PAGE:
An Explanation For the Delay In Radio Streaming
We are going to try to explain the delay experienced in internet radio streaming. The audio can be up to five minutes behind what comes out of the original streaming source. For example, I hear the audio on my monitor speakers in my home radio studio. I turn on a mobile device, internet radio or Bose Wave radio in another room and the audio is about a minute or two or three behind what's coming from the studio audio source. We will try to explain a reason why. The following information was obtained from Quora.com.
The most noticeable difference between a radio station's broadcast signal and its corresponding Internet stream or Internet only radio stations is a significant delay. The same program is likely to come out of your computer speakers as much as five minutes later than it comes out of your radio. Surprisingly, technology accounts for only about 5% of the lag. The other 95% is a result of arguments over paychecks. (Disclaimer: those numbers were entirely made up.)
LATENCY: a billion little traffic jams
When I play a song on my radio station, it zooms out to every nearby radio at the speed of light. But online, delivery is restricted to the speed of Internet — a relatively pokey journey that starts when my song gets converted into a package of networthy digits. That conversion takes a fraction of a second. Before it gets to your iPad, my song will pass through scores of other network devices that each hold it for additional fractions of seconds. And those tiny delays start to pile up.
My favorite demonstration for guests: I can talk into my studio mic, which is live on the radio — then turn on an Internet feed and hear what I just said sixty seconds earlier. In that amount of time, my radio voice has gone halfway to Mars, while my Internet voice has only made a round-trip to Cincinnati by way of Mountain View.
The world's most expensive machine is slower than light, and slightly faster than yelling.
UNIONS: pay or don’t play
The biggest source of audio delay has nothing to do with technology, and everything to do with paychecks. Traditionally, when actors were hired to be in a commercial, the amount of money they got paid was roughly proportional to the number of people the commercial was expected to reach. Small towns paid small fees; national ad campaigns had big budgets and paid the fattest fees. Voiceover artists and their agents dreamed of working up to big juicy global endorsements.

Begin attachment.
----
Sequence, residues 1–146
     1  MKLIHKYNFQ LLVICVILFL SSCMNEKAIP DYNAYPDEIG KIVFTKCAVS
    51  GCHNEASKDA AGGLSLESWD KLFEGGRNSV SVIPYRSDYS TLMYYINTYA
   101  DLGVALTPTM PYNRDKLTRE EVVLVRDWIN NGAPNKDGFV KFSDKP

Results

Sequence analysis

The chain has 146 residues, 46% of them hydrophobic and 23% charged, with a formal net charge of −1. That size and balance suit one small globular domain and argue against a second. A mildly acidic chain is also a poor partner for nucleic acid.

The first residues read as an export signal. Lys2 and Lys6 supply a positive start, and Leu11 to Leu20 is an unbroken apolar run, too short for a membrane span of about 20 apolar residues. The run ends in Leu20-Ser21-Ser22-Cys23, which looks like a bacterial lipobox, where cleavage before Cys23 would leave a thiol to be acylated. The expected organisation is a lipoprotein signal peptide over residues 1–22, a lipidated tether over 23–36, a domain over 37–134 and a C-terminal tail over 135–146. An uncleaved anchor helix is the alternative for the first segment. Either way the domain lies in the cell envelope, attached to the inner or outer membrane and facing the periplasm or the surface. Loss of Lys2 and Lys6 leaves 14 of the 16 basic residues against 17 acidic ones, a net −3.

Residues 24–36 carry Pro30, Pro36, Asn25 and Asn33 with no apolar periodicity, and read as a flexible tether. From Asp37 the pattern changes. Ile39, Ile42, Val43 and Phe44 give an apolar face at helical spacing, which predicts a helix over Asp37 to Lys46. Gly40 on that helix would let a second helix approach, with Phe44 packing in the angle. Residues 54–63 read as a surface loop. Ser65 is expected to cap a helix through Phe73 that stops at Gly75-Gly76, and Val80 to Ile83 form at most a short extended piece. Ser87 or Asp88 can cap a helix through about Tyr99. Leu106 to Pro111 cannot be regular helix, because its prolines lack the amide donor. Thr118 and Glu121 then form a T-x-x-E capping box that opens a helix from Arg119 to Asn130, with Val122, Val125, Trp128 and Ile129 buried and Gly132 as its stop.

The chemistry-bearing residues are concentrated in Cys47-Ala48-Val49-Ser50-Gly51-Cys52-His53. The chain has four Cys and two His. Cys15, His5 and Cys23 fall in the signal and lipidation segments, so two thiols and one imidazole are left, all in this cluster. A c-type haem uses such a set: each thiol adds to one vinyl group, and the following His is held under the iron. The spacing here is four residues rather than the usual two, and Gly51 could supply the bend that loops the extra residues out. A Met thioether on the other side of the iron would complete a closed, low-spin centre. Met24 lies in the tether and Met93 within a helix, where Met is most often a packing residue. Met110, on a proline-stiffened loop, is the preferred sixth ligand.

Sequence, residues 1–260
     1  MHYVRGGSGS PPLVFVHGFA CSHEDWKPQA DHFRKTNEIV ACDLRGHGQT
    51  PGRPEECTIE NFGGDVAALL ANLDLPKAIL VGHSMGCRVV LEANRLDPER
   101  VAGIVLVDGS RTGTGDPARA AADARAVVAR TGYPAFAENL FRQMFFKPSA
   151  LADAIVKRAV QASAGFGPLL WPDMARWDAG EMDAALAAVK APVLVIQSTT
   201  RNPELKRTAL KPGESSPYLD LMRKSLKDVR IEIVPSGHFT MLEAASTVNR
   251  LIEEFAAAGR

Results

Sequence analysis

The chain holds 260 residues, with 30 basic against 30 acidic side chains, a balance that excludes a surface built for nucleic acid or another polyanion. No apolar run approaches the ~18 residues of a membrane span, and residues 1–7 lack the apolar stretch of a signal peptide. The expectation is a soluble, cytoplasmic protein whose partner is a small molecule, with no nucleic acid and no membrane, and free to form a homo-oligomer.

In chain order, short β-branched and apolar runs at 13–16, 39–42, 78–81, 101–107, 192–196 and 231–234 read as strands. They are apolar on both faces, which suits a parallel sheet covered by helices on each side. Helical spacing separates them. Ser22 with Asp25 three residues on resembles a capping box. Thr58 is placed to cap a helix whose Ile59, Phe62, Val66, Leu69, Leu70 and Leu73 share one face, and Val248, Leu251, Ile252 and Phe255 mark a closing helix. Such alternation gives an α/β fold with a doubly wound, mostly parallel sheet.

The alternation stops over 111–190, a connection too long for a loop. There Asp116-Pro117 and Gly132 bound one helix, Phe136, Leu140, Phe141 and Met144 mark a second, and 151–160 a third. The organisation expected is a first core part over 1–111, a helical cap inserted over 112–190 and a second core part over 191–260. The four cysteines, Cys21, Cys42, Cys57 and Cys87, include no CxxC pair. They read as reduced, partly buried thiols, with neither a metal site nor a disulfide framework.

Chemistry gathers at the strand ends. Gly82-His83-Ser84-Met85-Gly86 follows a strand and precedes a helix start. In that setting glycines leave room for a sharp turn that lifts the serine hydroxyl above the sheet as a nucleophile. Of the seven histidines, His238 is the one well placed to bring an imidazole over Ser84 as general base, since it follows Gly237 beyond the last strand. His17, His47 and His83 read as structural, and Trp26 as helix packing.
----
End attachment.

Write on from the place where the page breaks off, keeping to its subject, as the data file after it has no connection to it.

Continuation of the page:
Around the turn of the century, these actors had a wake-up call. Radio stations were starting to put their shows on the Internet. Commercials that had been created for single mid-sized cities were suddenly being played across the country. But the actors weren't getting the big national-spot fees their union had negotiated! Contracts were being violated. Lawsuits were threatened.
And radio stations knew they had a losing hand in this game. The law said that the union performers were owed much more money if their voices were broadly distributed. And where would that money come from? No station had yet figured out how to make a dime out of streaming radio.
The solution was one software upgrade away. Stations were already using computers to control playback of their audio. Developers created a feature that split the programming into two or more feeds. One would go to the broadcast transmitter, as always. The others would go to the Internet. And this new software could block the commercials that were being played on the radio station, instantly substituting different audio.
SO THERE'S ROOM TO PLAY MORE MUSIC? Uh, no.
Problem solved. Ads created by SAG-AFTRA union members stayed exclusively on the radio, as before. As for the empty space left behind by the vanishing commercials, someone suggested that it could be filled with more music. Internet listeners would love it, this person said, and that might help this new service catch on and become big.
That person was promptly fired.
Station owners realized that they could replace the legally questionable commercials with other commercials. They could sell these online commercials and create an entirely new stream of revenue that might have unlimited growth potential. Because if there's anything consumers love, it's more commercials.
AND JUST HOW DOES THIS ANSWER THE ORIGINAL QUESTION?
Oh, right. The differences between broadcast and Internet streams. Well, in practice, it shakes out like this:
The Internet commercial breaks are always longer than the broadcast radio breaks. It's basic math. The online commercial break can never be shorter than the broadcast commercial break. You don't want to jump back to regular programming before the regular program is there. But your Internet commercial break CAN run longer. Listeners won't miss anything. The program gets stored in a delay buffer, so it will pick up right where it should, even if your internet commercials ran twenty seconds too long. (Or if you snuck in one or two extra commercials, for more of that free profit.) At each break, the Internet version of your program slips a little further behind the broadcast version.